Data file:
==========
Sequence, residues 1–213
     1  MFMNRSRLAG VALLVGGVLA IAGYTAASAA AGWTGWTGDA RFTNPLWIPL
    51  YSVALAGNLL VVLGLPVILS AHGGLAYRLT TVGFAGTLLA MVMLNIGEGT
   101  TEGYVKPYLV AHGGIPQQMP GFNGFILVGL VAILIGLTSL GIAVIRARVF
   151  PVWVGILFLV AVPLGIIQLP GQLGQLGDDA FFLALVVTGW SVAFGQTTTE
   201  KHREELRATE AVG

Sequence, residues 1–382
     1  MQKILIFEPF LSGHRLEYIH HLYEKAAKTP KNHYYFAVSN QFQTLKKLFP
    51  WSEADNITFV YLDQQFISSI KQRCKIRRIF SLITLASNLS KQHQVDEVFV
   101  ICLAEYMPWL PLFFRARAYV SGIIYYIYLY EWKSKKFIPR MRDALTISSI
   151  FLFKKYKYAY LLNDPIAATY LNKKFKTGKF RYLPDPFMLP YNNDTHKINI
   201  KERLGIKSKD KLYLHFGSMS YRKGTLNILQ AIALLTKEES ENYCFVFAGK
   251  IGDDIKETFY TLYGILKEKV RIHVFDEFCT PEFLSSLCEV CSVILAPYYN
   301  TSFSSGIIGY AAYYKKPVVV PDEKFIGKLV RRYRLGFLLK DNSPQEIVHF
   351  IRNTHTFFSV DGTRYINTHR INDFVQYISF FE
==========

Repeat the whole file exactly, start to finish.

Sequence, residues 1–213
     1  MFMNRSRLAG VALLVGGVLA IAGYTAASAA AGWTGWTGDA RFTNPLWIPL
    51  YSVALAGNLL VVLGLPVILS AHGGLAYRLT TVGFAGTLLA MVMLNIGEGT
   101  TEGYVKPYLV AHGGIPQQMP GFNGFILVGL VAILIGLTSL GIAVIRARVF
   151  PVWVGILFLV AVPLGIIQLP GQLGQLGDDA FFLALVVTGW SVAFGQTTTE
   201  KHREELRATE AVG

Sequence, residues 1–382
     1  MQKILIFEPF LSGHRLEYIH HLYEKAAKTP KNHYYFAVSN QFQTLKKLFP
    51  WSEADNITFV YLDQQFISSI KQRCKIRRIF SLITLASNLS KQHQVDEVFV
   101  ICLAEYMPWL PLFFRARAYV SGIIYYIYLY EWKSKKFIPR MRDALTISSI
   151  FLFKKYKYAY LLNDPIAATY LNKKFKTGKF RYLPDPFMLP YNNDTHKINI
   201  KERLGIKSKD KLYLHFGSMS YRKGTLNILQ AIALLTKEES ENYCFVFAGK
   251  IGDDIKETFY TLYGILKEKV RIHVFDEFCT PEFLSSLCEV CSVILAPYYN
   301  TSFSSGIIGY AAYYKKPVVV PDEKFIGKLV RRYRLGFLLK DNSPQEIVHF
   351  IRNTHTFFSV DGTRYINTHR INDFVQYISF FE